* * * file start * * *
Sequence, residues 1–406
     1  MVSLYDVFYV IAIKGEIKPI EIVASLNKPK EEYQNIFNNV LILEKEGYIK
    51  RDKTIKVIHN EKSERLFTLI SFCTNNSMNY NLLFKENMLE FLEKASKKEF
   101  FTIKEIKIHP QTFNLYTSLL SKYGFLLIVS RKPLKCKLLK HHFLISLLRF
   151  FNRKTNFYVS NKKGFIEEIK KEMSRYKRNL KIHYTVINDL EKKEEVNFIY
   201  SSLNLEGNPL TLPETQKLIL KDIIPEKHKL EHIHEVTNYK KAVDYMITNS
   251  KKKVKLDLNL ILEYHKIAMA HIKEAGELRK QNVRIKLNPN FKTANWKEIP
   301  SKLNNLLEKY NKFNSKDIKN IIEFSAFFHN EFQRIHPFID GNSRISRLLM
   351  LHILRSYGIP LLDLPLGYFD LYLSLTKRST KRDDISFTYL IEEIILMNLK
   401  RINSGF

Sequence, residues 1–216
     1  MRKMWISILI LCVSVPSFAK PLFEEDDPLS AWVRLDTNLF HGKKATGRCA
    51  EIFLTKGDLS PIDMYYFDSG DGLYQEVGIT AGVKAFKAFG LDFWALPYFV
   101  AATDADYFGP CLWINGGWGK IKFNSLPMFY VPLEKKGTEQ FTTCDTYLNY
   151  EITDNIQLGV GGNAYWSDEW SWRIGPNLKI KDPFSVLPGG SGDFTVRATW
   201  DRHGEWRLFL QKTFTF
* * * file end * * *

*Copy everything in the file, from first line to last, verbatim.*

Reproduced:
Sequence, residues 1–406
     1  MVSLYDVFYV IAIKGEIKPI EIVASLNKPK EEYQNIFNNV LILEKEGYIK
    51  RDKTIKVIHN EKSERLFTLI SFCTNNSMNY NLLFKENMLE FLEKASKKEF
   101  FTIKEIKIHP QTFNLYTSLL SKYGFLLIVS RKPLKCKLLK HHFLISLLRF
   151  FNRKTNFYVS NKKGFIEEIK KEMSRYKRNL KIHYTVINDL EKKEEVNFIY
   201  SSLNLEGNPL TLPETQKLIL KDIIPEKHKL EHIHEVTNYK KAVDYMITNS
   251  KKKVKLDLNL ILEYHKIAMA HIKEAGELRK QNVRIKLNPN FKTANWKEIP
   301  SKLNNLLEKY NKFNSKDIKN IIEFSAFFHN EFQRIHPFID GNSRISRLLM
   351  LHILRSYGIP LLDLPLGYFD LYLSLTKRST KRDDISFTYL IEEIILMNLK
   401  RINSGF

Sequence, residues 1–216
     1  MRKMWISILI LCVSVPSFAK PLFEEDDPLS AWVRLDTNLF HGKKATGRCA
    51  EIFLTKGDLS PIDMYYFDSG DGLYQEVGIT AGVKAFKAFG LDFWALPYFV
   101  AATDADYFGP CLWINGGWGK IKFNSLPMFY VPLEKKGTEQ FTTCDTYLNY
   151  EITDNIQLGV GGNAYWSDEW SWRIGPNLKI KDPFSVLPGG SGDFTVRATW
   201  DRHGEWRLFL QKTFTF